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So I was in a coffee shop yesterday when “Fields of Gold” came on.  Do you remember that song, Reader?  Of course you do.  It’s a gentle, dreamy affair about a lovelorn Sting and his lady friend lying (having sex!) upon a field.  Upon the fields of barley …

“We’ll forget the sun, in his jealous sky, as we lie in fields of gold.”

(Somebody had to disabuse me of the notion very recently that it was not “Bali” like I thought, but “barley.”)

My God, that song takes me back. Does anyone else remember slow dancing to this song in junior high?

I think I was in sixth grade when I went to my first dance, and if memory serves correctly, I danced with exactly one boy that night. I was dressed in a navy blue Limited Too sweatshirt, matching navy blue Limited Too shorts (which were, perplexingly enough, also made out of sweatshirt material), and topped off by brand new Doc Martens.  For street cred.

Walking into the dance, I felt very on-trend. Very now. But it soon became clear that ensembles of color-coordinated, athletic fleece do not, in fact, bring the boys to the yard — especially when said fleece wearer is NOT in the popular crowd. So I resigned myself to upbeat, group dances in large circles with other awkward white girls with braces, bouncing our knees up and down to “I Would Walk 500 Miles” while the cool people took five in between their steamy slow dance numbers.  You could divide the room in two that night, into cool/uncool, by who danced to slow songs, and who danced to fast.  There in that fast-dancing circle, I knew I had found my people.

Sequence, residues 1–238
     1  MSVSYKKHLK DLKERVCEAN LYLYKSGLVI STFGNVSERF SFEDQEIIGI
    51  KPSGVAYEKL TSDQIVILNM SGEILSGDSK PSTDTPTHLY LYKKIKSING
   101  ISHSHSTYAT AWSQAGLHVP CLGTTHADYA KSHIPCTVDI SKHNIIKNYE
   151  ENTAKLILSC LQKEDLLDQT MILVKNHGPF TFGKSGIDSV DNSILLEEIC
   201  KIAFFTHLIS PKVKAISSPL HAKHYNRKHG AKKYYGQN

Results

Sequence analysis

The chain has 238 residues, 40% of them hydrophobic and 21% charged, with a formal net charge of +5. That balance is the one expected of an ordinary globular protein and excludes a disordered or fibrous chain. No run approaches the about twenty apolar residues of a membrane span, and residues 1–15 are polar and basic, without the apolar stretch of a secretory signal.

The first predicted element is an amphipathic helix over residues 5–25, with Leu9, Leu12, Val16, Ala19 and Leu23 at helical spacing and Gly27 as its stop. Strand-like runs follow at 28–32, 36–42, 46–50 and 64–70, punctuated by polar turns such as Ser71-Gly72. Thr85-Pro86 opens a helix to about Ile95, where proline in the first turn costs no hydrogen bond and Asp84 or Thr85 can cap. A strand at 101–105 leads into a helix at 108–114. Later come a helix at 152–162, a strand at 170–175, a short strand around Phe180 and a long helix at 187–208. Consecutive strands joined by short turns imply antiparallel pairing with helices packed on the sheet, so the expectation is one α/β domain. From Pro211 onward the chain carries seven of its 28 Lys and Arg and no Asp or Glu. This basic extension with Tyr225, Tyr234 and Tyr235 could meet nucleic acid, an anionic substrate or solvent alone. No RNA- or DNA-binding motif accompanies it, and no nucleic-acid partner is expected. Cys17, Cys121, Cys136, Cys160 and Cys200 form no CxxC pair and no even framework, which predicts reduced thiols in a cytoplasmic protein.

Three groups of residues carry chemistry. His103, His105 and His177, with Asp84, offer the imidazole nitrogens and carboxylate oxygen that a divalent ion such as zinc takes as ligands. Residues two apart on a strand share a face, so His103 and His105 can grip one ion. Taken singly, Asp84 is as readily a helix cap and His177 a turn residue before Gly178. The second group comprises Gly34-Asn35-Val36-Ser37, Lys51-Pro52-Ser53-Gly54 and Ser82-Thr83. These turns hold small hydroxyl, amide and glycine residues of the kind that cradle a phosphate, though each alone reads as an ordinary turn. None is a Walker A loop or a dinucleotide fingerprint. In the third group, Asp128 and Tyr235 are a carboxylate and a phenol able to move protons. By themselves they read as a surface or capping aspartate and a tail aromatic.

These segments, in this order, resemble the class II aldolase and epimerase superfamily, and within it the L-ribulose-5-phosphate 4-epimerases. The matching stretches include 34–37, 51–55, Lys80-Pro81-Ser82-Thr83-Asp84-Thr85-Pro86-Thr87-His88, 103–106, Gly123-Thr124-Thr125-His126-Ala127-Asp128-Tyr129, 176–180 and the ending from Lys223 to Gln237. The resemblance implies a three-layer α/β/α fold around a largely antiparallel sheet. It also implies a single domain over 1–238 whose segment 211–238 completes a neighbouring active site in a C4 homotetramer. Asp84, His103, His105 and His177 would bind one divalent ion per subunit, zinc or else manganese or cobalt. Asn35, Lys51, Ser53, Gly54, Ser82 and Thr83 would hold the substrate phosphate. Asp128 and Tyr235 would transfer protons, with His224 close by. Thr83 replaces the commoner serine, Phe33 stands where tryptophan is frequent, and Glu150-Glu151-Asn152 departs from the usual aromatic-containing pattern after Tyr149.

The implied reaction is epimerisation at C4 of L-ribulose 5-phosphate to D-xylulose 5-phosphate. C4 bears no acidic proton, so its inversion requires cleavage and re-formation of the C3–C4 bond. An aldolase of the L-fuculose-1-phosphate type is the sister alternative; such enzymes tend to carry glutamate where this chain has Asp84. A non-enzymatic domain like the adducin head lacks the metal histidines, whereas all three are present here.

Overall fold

As the dance wound down, the DJ (a parent) announced there would be one more song. The soft strains of “Fields of Gold” came on, and I took my place by the water cooler next to my friend Margaret, where we’d pretend to be super concentrated on our water through the duration of the whole painful song. Damn Sting.

I saw Matt Lowry caught in the middle of the dance floor, looking around like he got lost.  Surrounded by the beautiful popular people, he glanced around anxiously, as if he had just temporarily lost track of his dance partner.  “Nice try,” I thought.

Then, Matt Lowry looked at me.

He shrugged his shoulders.

“What the hell?” he seemed to say, gesturing to me to come join him on the dance floor.

Oh my God.  Ohmygod!

Matt, like me, wasn’t cool.  But he was a BOY.  And not horrifying.  In fact, he was kind of cute!  Ok ok, so he was thirteen and he still had a bowl haircut, but whatever.  I could work with this.  I could dance — SLOW DANCE — with this person.  To Sting.  To The Fields of Bali.  Maybe he liked me.  LIKED me liked me.

As Matt Lowry and I “danced,” by which I mean straight-arm hugged each other while stepping in a small circle, I caught Margaret’s face.  She stared at me, open-mouthed, from the water cooler.  I smiled smugly.  Yes, Margaret, one minute you’re jumping around with the other honor roll students to The Proclaimers … the next minute you’re locked in a romantic embrace, I thought.  I was different now.  Changed.  I, Tolly Moseley, had slow danced.